Notre Dame, Brian Kelly prepare for ‘new normal’


Despite the awkward, forced Zoom background mimicking Notre Dame’s usual sponsored press conference backdrop, despite the unusual nature of answering questions submitted through a Q&A chat and despite the only certainty being uncertainty, Irish head coach Brian Kelly struck the right tone Wednesday afternoon in what is the increasingly common method of meeting the media, an online video chat.

Kelly did not paint broadly with overeager optimism, as one 2020 opponent’s head coach did this week, and he did not diminish the health threats faced by his players, a tact that garnered deserved criticism elsewhere. Instead, Kelly balanced practical preparation with recognizing reality as it pertains to college football’s future.

“All I can tell you is that it’s going to be a new normal and we’re going to have to adjust,” Kelly said when asked what he thinks game atmospheres will look like this fall. “What that looks like is probably going to be something different than what we know now. We’re all prepared and ready for it, but I don’t know all the implications of what it is that football looks like without fans and how all that works.”

Kelly was responding to Notre Dame director of athletics Jack Swarbrick earlier this week expressing a reluctance to play many games without fans during an interview with ESPN’s Paul Finebaum. In a moment of honesty, one he acknowledged may seem flippant though it was not meant as such, Kelly pointed out those worries were more on par with Swarbrick’s duties, not his own.

“I’ve really been focused much more on the day-to-day and trying to create a structured environment for our football team,” Kelly said. “Those are his topics that he really has to focus on.”

Kelly’s focus on his football team is not a blind eye to the present problems facing the sport because of the coronavirus pandemic. He knows the season may not start as planned; addressing the viability of the Aug. 29 game against Navy in Dublin cannot wait until mid-May, as an obvious example.

“We’d like to play the game in Ireland,” Kelly said. “Whether we can or not, that is still obviously a topic that is being discussed, but we’ll have some alternatives. … I can tell you this: Those discussions are underway and they’re certainly being deliberated as we speak, relative to where that game is going to be played.”

For now, though, Kelly needs to prepare the Irish as if they will open the season at the end of August. Obviously, that simple task comes with vast limits in a time of stay-at-home orders covering the country, but Notre Dame has done what it can. When classes moved to distance learning and everyone was sent home, the first two priorities were health and safety, and creating structure for the academic situation.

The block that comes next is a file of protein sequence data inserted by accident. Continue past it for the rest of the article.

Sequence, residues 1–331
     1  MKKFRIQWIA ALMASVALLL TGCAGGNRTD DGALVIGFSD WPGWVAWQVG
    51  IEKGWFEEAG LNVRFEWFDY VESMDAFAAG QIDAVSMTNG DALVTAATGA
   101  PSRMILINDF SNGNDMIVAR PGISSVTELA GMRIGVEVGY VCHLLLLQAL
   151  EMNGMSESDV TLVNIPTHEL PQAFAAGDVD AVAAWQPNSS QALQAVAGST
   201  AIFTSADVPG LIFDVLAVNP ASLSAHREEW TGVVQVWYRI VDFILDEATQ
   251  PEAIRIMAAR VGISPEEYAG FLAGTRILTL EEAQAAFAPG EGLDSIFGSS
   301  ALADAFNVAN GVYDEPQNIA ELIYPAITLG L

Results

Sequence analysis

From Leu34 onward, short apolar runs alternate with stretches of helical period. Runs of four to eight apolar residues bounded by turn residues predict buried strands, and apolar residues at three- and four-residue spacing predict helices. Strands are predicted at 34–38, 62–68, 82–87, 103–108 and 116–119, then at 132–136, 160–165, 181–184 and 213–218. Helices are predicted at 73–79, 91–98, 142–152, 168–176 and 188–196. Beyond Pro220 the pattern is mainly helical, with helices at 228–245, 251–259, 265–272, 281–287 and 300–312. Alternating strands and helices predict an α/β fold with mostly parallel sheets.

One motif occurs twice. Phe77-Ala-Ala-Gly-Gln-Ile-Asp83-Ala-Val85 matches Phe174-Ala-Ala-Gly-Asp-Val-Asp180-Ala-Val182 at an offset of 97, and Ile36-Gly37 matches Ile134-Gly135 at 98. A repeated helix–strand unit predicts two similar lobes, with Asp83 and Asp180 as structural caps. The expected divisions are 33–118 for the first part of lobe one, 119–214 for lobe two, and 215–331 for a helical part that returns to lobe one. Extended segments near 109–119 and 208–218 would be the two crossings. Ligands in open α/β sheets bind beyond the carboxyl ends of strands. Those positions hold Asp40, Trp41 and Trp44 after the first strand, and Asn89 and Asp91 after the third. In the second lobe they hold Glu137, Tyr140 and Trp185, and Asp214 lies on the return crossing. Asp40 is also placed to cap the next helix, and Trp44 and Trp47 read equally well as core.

Then came strength and conditioning, followed by checking on each player’s at-home nutrition. Only in the last few days have the Irish moved to football-specific tasks.

“This last piece has been we’ve incorporated some football-related position meetings, Zoom meetings,” Kelly said. “We’ve had some installation as if it was a spring practice. We’ve added to our playbook through these meetings. We’re using video. We’re using some of the technology that Zoom has where we can have some handouts. We’ve started those up and are making some pretty good progress.”

That work will have to be enough for the foreseeable future. The University has already canceled on-campus activities well into the summer, including the first session of summer classes. It intends to make decisions regarding the back half of the summer in mid-May.

Until then, and possibly long after, the Irish will lean on the leadership of its SWAT (Spring/Summer Workout Accountability Teams) captains, players each in charge of a subset of the roster.

That is usually a leadership duty focused on a spectrum ranging from locker-room tidiness to weight-room performances. Now, those details are not the concern; general wellbeing is.

“We don’t want to put them in a position where they have to be a big brother all the time,” Kelly said. “… We don’t want them to have to feel every time they make a call to one of their SWAT team members that it’s a negative situation. We want it to be a positive, a program builder.

“… This is not about disciplining somebody that misses a Zoom conference and somebody that doesn’t turn in a workout because you’re responsible for keeping an eye on them. This is much more about the positive things and balancing that out.”

If some of those players flout stay-at-home orders, there is not much Notre Dame can do about it, but it has encouraged them to listen to the experts. Kelly’s focus is on their health, not on rushing back to the field, as seems to be the case on other coaching staffs.

“It does us no good to have any of our players — and knock on wood, we’ve been very, very lucky that none of our players have tested positive for COVID-19 — because of that we want to be sure our players stay safe and take all the precautions,” Kelly said. “Being consistent with our message has allowed our players to clearly understand how important it is for them to stay healthy during this period of time and they can’t afford to not listen to the experts and the science in this period of time.”

In that respect, Kelly’s message for Irish fans is the same as it is for his team. As frustrating, bothersome and tragic as the last month has been, there are still 30 figurative minutes to play.

If we stay at home and stay vigilant, if we stay patient, we’re going to see ourselves on the other side of this and we’re going to be stronger for it.

“We have not won yet. We’re just getting to halftime. We have a second half to play. Really good job in the first couple of quarters, but we’re just getting into the locker room. Let’s look toward having a better second half. If we have a better second half, we’re going to win this game.”